Women's Lives

Everyone needs a gender lens

The Women’s Equality Awareness Raising (WEAR) seminar draws more than 70 people.

Finola Brennan

Reporter:

Finola Brennan

Email:

editorial@donegaldemocrat.com

Everyone needs a gender lens

Participants at the WEAR seminar.

Last Thursday, over 70 people attended the Women’s Equality Awareness Raising (WEAR) seminar in the Regional Cultural Centre, hosted by NCCWN-Donegal Women’s Network and funded by the EU LADDER Project.

The seminar opened with nine Transition Year students from Loreto Letterkenny and Danielle Bonner, equality aware consultant, modelling 10 shirts under the banner, ‘Everyone needs a Gender Lens.’

It proved a very successful way to engage discussion between Transition Year students from Scoil Mhuire, Buncrana and Loreto Letterkenny, and women who had participated in the project and members of the public as they examined the many inequalities experienced by women.

One of the t-shirts, ‘Show me the Money’, highlighted the fact that globally only 56 per cent of women have bank accounts, while ‘A Lost World’ brought people’s awareness to the fact that globally more than 63 per cent of illiterate people are women.

Speaking with the women who had participated in the WEAR project's workshops in health, education, poverty, gender-based violence, decision making and creativity, it had been an extremely positive experience.

“Having a women’s space, sharing our lived experiences, feeling part of a collective action calling for social justice and women’s equality both locally and globally created a great sense of solidarity amongst us,” Louise Chirwa said.

Áine Friel, with the Loreto Transition Year students in their message t-shirts.

'Eye Opener'

Other comments included, "It has been a real eye opener for me learning about local and global gender inequalities; I loved that ‘women’s space’ where everyone felt able to speak, in a non-judgemental way that built trust and solidarity; through the various workshops I have learnt so much about how systems and structures hold women in poverty and seriously underpin women’s inequality both here and abroad; a woman’s space is needed now more than ever; it has expanded my awareness and brings me back to the fact that health and self-care is a still a core issue for women."

Aine Friel, a 27-year-old WEAR participant, shared her experience of living with a disability in rural Ireland.

Aine, who was born with brittle bone disease and lives in the beautiful peninsula of Fanad, said sometimes feels "it’s the furthest corner of the earth!" Aine, whose parents are dead, feels possibilities and opportunities for people with disabilities in rural areas are very limited.

Aine said, "From a social point of view, it was fantastic for me to get out of the house for those few hours each week and just to feel a part of something. It has been the first time since leaving college, back in 2012, that I actually feel like I am contributing."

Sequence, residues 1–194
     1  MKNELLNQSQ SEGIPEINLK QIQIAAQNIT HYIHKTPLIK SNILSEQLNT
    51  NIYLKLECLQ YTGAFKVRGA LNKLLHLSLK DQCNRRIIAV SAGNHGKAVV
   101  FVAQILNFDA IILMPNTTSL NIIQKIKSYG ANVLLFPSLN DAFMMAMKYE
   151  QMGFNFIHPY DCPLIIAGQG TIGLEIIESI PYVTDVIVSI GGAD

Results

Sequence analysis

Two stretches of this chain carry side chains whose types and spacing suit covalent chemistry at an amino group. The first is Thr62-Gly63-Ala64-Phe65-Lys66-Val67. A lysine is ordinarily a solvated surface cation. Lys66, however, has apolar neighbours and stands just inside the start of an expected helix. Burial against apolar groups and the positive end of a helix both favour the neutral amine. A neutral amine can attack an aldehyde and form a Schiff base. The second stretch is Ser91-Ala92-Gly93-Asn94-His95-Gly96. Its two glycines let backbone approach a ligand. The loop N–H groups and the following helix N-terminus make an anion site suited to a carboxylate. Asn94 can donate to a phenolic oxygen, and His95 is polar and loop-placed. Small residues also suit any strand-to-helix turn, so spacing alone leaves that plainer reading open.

"The women who participated in WEAR are wonderful, powerful, strong and intelligent women. We gained such important knowledge about so many issues, topics and problems women face and these were delivered by the wonderful Danielle (Bonner) in such an informative, fun and relaxed way. I definitely feel empowered and know being a part of WEAR will help sustain me and gives me hope."

Grace Adeogun and Kathryn Daily.

Community Art Workshops

Kathryn Daily spoke about the community art workshops facilitated by Julie Griffiths, which really allowed participants to speak to the heart of their own lived experiences.

"The piece created from hard wire mesh is not a material often associated with women’s creativity. It was chosen to reflect the harshness of the difficulties and challenges some women experience on a daily basis. Trying to actually shape and work this hard material mirrors women’s experiences in trying to shape and influence the world in which we live."

An interview via Skype with Ala Oueslati from Tunisia, who works with the international organisation ‘Women Deliver’ and who is a leading male advocate for women’s equality as a core value to social justice, addressed the importance of engaging men to address gender equality and social justice.

Through the WEAR project, 120 Transition Year students from Moville Community College and Scoil Mhuire, Buncrana participated in an ‘Introduction to Gender Equality and Development’ workshop. The young people loved the discussions and the challenges this topic raised for them. "We certainly would like more time to look at gender and to continue the lively debates that we were only getting into."

The WEAR project engaged with people allowing discussion, analysis and reflection through fun and creative participation. It created a safe space for girls, boys and women from diverse backgrounds and cultures across Donegal to recognise local action can assist and sustain global development and help create a just and more equal world.

Pupils from Scoil Mhuire, Buncrana.

Mary Bridget Sharkey and Claire Woods.

Áine Friel and Caoimhe Lafferty.